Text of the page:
Sailfish Gyotaku (Istiophorus albicans)
Sailfish Gyotaku (Istiophorus albicans)
Sailfish Gyotaku (Istiophorus albicans)
Sailfish Gyotaku (Istiophorus albicans)
Sailfish Gyotaku (Istiophorus albicans)

Sailfish Gyotaku (Istiophorus albicans)

$ 3,000.00
93” x 48”

The Atlantic sailfish is commonly pursued here in Florida along the coast.  They are found in the Atlantic Oceans and the Caribbean Sea, except for large areas of the central North Atlantic and the central South Atlantic. In Florida, they migrate along the edge of our reef system typically swimming south against the north flowing Gulf Stream current. One of the fastest fish in the ocean, they are a fun fish to catch, commonly launching themselves dramatically out of the water in in an effort to break free. 

One of the most effective ways to intercept a sailfish along its migration here is by kite fishing. They typically swim in the top half of the water column sometimes even surfing the swells in the  Gulf Stream created by an opposing north wind. 

This particular sailfish found its way into my kite spread one morning while fishing my 16ft. Boston Whaler off the coast of Miami.  It was a cold November morning and conditions were just light enough where I could venture offshore in my small boat. I was fishing with my friend Ryan who had work to get to by 9:30 am so it was an early start to the day. We went out with the specific intention of harvesting a sailfish for a print.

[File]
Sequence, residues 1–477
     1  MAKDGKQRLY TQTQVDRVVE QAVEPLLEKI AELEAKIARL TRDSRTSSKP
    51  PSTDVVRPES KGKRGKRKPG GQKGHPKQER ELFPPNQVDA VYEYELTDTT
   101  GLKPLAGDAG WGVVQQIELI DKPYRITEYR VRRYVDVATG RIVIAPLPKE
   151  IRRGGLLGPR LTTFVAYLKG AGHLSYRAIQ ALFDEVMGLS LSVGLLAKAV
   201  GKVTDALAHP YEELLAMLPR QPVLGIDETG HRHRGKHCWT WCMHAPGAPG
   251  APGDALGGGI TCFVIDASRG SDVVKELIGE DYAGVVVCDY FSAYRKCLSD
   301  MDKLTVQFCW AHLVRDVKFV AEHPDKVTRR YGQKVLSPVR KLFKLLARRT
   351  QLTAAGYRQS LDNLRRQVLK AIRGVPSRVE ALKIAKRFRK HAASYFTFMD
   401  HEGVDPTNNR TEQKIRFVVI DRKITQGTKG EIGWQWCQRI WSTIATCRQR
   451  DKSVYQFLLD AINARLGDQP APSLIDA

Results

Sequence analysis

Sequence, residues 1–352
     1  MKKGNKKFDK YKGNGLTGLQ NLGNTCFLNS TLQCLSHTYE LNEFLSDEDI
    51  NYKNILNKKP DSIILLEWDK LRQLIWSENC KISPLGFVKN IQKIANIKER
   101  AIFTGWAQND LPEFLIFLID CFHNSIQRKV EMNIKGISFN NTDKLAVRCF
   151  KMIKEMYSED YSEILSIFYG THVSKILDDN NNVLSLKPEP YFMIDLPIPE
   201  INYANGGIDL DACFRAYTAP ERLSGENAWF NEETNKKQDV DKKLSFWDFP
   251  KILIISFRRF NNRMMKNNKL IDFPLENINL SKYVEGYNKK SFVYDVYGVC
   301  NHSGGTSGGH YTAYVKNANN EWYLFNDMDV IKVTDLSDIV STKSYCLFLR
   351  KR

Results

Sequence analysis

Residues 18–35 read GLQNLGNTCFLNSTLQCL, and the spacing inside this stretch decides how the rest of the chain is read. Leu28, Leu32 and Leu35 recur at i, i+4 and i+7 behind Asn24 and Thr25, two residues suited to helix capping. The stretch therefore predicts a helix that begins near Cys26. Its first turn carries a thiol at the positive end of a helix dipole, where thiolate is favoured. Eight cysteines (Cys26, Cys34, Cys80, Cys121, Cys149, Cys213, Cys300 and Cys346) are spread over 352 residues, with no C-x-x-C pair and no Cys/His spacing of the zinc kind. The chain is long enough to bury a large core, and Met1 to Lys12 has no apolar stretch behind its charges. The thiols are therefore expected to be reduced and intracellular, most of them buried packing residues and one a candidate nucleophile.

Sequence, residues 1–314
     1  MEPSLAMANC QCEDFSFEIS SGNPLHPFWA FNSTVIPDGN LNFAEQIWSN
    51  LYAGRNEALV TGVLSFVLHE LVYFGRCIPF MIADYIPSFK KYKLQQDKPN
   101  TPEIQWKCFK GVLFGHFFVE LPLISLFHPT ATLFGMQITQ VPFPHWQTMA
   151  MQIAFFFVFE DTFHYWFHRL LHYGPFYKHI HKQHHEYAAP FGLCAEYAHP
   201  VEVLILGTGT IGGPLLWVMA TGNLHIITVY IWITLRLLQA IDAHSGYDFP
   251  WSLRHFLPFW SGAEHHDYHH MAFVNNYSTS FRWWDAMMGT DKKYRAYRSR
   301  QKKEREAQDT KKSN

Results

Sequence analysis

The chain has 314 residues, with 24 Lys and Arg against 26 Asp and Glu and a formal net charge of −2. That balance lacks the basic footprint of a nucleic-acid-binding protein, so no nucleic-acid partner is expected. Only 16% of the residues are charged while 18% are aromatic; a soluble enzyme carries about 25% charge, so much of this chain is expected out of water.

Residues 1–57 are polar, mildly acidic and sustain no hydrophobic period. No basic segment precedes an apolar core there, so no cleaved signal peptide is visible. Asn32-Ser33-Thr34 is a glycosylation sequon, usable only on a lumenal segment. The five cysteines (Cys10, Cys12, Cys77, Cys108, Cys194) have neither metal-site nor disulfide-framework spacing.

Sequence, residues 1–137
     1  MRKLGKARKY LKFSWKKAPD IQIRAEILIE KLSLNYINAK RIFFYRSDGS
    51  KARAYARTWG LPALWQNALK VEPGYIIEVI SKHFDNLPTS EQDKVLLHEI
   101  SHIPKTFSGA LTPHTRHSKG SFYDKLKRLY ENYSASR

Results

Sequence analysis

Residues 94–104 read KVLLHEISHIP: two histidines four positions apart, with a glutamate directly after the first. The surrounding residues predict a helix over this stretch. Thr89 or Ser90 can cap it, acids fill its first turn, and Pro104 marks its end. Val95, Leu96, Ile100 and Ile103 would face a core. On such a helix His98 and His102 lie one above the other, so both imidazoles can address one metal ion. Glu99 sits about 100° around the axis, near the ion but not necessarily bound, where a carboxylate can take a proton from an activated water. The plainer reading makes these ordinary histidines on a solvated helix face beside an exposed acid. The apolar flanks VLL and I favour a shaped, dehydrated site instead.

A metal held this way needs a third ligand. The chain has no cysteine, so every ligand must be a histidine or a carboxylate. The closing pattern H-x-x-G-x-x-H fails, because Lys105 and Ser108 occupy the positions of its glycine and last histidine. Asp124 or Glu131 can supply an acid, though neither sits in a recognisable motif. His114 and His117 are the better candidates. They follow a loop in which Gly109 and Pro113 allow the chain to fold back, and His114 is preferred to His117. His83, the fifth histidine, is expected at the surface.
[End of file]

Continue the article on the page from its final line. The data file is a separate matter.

We left the dock around 4 am and headed to “The Patch,” a small reef cluster that is known to hold baitfish we can fly from the kite. A couple drifts there in the dark produced one of the sailfishes favored baits, the goggle eye.  An unexpected catch at this particular reef, we were happy to get them. We caught enough for a couple hours of fishing and headed to the edge of the reef.  

There was a steady North West breeze and decent current flowing north so we started drifting shallow so that the wind would blow us offshore. We would start in about 100ft and drift until about 250ft then push back inshore.  We did this drift a couple times and it produced a nice blackfin tuna, kingfish, mahi, and finally the one we were after… the sailfish. 

Once we had our catch we ran in, Ryan got to work on time work and I went home to spend the rest of the day printing the fish.  This is one of only 5 prints I took off the fish and is the last in my collection. I have yet to harvest a sailfish this year.